Senate approval of a $2.36 trillion budget easing President Bush's tax-cutting and spending plans shifts the spotlight to the House, where a similar package has so far bounced along a rocky road.
The Republican-led Senate approved its package early Friday on a mostly party-line 51-45 vote. Though it mostly follows Mr. Bush's vision of defense increases, restrained domestic spending and gradual deficit reduction, it ignores his call for permanent tax cuts he considers the heart of his plan for reviving the economy.
Like the Senate plan, the fiscal outline debated Thursday by the GOP-run House Budget Committee has smaller tax cuts, less spending and faster reduction of record deficits than Mr. Bush proposed. That underscores an election-year desire by Republicans to show action against shortfalls expected to approach an unprecedented half trillion dollars this year.
"We have to start that long journey with a first step, and that's what today allows us to do," said House budget panel chairman Jim Nussle, R-Iowa.
Nussle, who ran into objections from GOP defense and veterans advocates as he crafted his plan, hit more problems Thursday.
They were resolved — for now — when Nussle said his committee would approve new procedures making it harder for Congress to increase spending not paid for with other savings. The dispute forced him to delay final passage of the budget and a separate bill creating the procedural hurdles until next week.
Congress' budget sets ceilings for revenues and expenditures, but its details are only advisory. Actual tax and spending changes are made in later bills.
Senate approval came after Republicans fought off a mountain of Democratic amendments. Many would have trimmed tax cuts on the richest Americans and shifted the money to health care, schools, firefighters or other popular programs.
"Our good friends are after you," said Senate Budget Committee Chairman Don Nickles, R-Okla., warning taxpayers about Democratic proposals he said would in effect raise taxes. "They're coming, coming after your pocketbooks."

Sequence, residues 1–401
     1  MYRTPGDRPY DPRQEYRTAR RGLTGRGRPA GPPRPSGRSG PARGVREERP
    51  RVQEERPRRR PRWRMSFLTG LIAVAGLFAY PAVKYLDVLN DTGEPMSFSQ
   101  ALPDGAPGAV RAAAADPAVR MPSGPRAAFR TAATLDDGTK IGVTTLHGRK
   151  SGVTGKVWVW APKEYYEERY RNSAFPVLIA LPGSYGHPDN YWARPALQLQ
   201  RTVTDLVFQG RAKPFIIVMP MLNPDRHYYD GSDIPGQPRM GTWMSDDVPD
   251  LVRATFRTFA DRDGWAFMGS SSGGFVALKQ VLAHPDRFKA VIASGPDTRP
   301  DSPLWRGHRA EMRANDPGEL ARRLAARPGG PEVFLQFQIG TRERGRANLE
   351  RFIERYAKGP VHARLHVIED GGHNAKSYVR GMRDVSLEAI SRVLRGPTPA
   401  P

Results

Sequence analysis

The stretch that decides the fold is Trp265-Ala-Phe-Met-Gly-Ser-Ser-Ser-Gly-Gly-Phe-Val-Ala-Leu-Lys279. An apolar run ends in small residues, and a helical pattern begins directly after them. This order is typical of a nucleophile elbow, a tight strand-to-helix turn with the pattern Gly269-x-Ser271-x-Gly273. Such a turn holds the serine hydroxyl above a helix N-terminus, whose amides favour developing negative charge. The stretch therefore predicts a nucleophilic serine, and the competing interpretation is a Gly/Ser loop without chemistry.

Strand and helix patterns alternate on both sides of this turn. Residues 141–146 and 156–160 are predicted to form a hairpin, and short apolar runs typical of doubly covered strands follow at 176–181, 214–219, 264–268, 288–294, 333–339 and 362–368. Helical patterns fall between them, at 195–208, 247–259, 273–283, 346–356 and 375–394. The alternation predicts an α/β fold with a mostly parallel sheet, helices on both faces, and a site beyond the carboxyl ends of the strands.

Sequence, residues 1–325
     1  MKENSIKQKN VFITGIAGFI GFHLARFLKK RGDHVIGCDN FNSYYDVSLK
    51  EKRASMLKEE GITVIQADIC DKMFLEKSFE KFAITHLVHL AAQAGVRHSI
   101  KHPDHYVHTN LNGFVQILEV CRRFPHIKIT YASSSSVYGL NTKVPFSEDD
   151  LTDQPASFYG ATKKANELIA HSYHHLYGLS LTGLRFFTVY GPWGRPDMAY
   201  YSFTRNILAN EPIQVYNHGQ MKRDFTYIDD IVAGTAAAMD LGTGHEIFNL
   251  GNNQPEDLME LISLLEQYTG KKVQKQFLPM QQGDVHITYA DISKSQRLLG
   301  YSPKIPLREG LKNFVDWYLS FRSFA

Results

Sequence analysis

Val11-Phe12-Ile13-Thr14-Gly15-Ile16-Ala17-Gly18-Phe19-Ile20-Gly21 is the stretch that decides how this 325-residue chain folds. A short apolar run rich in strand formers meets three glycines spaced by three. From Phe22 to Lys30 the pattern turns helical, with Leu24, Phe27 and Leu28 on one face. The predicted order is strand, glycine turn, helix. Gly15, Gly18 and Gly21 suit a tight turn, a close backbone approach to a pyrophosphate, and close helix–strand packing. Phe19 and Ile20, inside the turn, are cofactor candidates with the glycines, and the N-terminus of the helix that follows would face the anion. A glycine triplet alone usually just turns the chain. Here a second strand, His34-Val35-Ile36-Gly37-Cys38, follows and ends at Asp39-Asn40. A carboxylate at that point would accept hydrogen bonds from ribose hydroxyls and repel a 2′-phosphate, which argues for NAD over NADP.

Democrats scored the Senate plan for calling for more tax cuts, shortchanging needed programs and doing too little to mop up spreading red ink.
"I don't see any cutting of the deficit in half," said Sen. Kent Conrad, D-N.D., saying the plan omitted expected costs such as an extended U.S. stay in Iraq and easing the alternative minimum tax's growing impact on middle-income families.
The only senators crossing party lines on passage were Trent Lott, R-Miss., and Zell Miller, D-Ga. Sens. John Edwards, D-N.C.; John Kerry, D-Mass.; Harry Reid, D-Nev., and Tim Johnson, D-S.D., did not vote.
One amendment the Senate approved would halt the government from filling its petroleum reserve, which critics say has driven up gasoline prices. Though non-binding, the 52-43 vote showed there could be sentiment for congressional action.
The Senate bill includes a provision capping the amount that can be spent on a supplemental funding request for the Iraq war at $30 billion in Fiscal 2005.
In a non-binding section, the Senate bill calls for more funds for tax enforcement — a bid to capture some of the estimated $300 billion in U.S. income that escapes taxes.
Mr. Bush has proposed taking five years to halve this year's projected deficit — a far cry from the seemingly endless surpluses projected as he took office in 2001.
The Senate plan seeks to halve shortfalls in three years, while the House's claims to achieve the goal by 2008.
The House, Senate and Mr. Bush get much of their deficit reduction not from budget cuts but from assumptions that a strengthening economy will produce more federal revenue.
The House and Senate plans would hold most domestic programs to about last year's levels and give Mr. Bush the 7 percent defense increase he requested to about $421 billion.
Democrats attacked the House budget's plan to give procedural protections to $138 billion in tax cuts over the next five years, which they called excessive.
"These tax cuts can only add dollar to dollar to the deficit," said Rep. John Spratt, D-S.C.
The Senate budget would expedite $81 billion in tax reductions, $100 billion less than Mr. Bush proposed. Both congressional plans ignored Mr. Bush's call to make permanent most of the tax cuts passed in 2001 and 2003, which would worsen deficits.
The House and Senate plans endorse Mr. Bush's call to renew the expanded 10 percent tax bracket and children's tax credit and breaks for married couples, which otherwise expire next year. The House plan also leaves room to extend cuts in the capital gains and dividends tax rates.
The House budget calls for $13 billion in savings over the next five years from what Nussle calls waste, fraud and abuse in programs that pay automatic benefits. Specific decisions on programs affected will be made in later bills.